Forgiveness should be kept for yourself

Forgiveness should be kept for yourself

Carolina Farley, Staff Writer

       As people mature and face the difficult situation of having to forgive someone,  chances are someone is in their back corner saying, “Let it go and be the bigger person.” While that person means no ill-will, forgiving someone for their sake is damaging to you and your well-being. Forgiveness should only be for your benefit. 

     Forgiveness means different things to different people, but ultimately is defined as the act of letting go of something or someone that has hurt you. The benefits of forgiveness are entirely personal, and while whoever you forgive gets the gift of a clear conscience, studies have proven that your mental and physical health will significantly improve due to the release of stress and resentment. “Forgiveness allows you to let go of the chronic interpersonal stressors that cause us undue burden,” Loren Toussaint, a professor of psychology at Luther College, said. 

     The rewards of forgiveness are for the individual practicing forgiveness because forgiveness does not mean you have to reconnect with the person that hurt you. You are not expected to provide forgiveness. Letting go allows you to move forward from bad and damaging experiences. 

     While forgiveness is not a substitute for justice, forgiveness can help you find peace with the situation by reducing the anxiety you feel over that incident. “Whether I forgive or don’t forgive isn’t going to affect whether justice is done. Forgiveness happens inside my skin,” Everett Worthington, a clinical psychologist, said.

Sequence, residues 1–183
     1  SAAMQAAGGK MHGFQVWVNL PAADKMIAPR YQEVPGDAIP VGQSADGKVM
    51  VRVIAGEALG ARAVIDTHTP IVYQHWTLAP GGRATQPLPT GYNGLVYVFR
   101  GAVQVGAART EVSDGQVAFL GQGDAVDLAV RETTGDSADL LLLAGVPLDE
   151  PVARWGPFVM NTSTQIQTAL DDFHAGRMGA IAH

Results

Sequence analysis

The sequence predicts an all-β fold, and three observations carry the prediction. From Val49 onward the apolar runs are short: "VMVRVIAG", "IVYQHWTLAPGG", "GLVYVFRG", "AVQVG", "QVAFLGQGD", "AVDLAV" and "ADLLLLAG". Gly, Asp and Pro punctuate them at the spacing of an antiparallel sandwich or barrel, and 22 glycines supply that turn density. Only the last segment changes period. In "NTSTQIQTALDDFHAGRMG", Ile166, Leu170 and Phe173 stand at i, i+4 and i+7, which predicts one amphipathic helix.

Along with finding peace with a terrible situation, forgiveness allows you to gain control of the situation and the things that hurt you. When you forgive someone, you are letting go of the control they hold over you. They no longer matter to you, so they can no longer affect you. “[Forgiveness is] about focusing on what you can control in the here and now,” a Mayo Clinic article wrote. 

     As selfish as it sounds, keeping forgiveness to yourself helps maintain the authenticity of your forgiveness. You do not owe the person that hurt you forgiveness, but you also do not have to be mad at them or the incident. Forgiveness will set you free, and you have no need to announce that. Announcing your forgiveness puts you at risk for that same person to hurt you again, as they may feel the need to regain control over you. 

    Along with being great for your mental health, forgiveness and the stress relief it provides is good for your physical health. In a meta-analysis conducted by psychologist and a psychiatrist Yoichi Chida  it was discovered that hostility and anger are related to greater risks of heart disease and negativity affect pre-existing heart conditions. 

    A study conducted by Toussaint showed people that practiced forgiveness had a large decrease in the amount of stress they felt and the stress-like symptoms “We thought forgiveness would knock something off the relationship [between stress and psychological distress], but we didn’t expect it to zero it out,” Toussaint said. 

    Another great thing about forgiveness is that the decision is your choice. You get to decide when you forgive someone and how you forgive someone. The choice to free yourself from stress and the control other people have over you and the reward that forgiveness provides is all up to you too.